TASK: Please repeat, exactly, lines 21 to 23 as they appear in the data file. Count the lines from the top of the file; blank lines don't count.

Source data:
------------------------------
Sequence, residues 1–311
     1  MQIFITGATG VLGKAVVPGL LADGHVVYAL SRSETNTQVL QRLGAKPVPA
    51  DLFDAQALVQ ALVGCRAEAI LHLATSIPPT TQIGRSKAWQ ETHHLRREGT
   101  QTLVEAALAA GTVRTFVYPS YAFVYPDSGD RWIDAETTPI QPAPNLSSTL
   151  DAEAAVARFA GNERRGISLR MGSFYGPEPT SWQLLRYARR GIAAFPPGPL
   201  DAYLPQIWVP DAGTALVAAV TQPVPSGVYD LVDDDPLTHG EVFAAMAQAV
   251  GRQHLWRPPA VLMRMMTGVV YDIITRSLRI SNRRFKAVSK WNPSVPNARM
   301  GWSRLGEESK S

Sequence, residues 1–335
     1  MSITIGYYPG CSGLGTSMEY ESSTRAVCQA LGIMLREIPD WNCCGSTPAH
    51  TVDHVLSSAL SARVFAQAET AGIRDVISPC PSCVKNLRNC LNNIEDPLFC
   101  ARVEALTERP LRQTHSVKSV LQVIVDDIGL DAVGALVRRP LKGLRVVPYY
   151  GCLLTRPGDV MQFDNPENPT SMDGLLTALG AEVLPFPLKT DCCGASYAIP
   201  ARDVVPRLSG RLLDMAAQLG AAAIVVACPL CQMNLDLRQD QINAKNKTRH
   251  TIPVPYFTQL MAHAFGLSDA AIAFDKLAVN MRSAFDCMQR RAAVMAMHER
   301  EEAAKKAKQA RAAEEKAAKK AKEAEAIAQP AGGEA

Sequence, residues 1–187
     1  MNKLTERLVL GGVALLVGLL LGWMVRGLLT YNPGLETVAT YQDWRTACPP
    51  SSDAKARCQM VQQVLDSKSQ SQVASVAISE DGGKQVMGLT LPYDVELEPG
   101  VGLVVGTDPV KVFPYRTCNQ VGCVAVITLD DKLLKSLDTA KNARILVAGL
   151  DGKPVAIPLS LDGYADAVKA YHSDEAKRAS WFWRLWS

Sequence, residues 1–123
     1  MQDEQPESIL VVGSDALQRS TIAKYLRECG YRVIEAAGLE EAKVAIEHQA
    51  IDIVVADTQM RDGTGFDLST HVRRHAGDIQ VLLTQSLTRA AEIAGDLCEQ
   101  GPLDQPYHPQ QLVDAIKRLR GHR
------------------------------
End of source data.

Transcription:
   151  DGKPVAIPLS LDGYADAVKA YHSDEAKRAS WFWRLWS

Sequence, residues 1–123
     1  MQDEQPESIL VVGSDALQRS TIAKYLRECG YRVIEAAGLE EAKVAIEHQA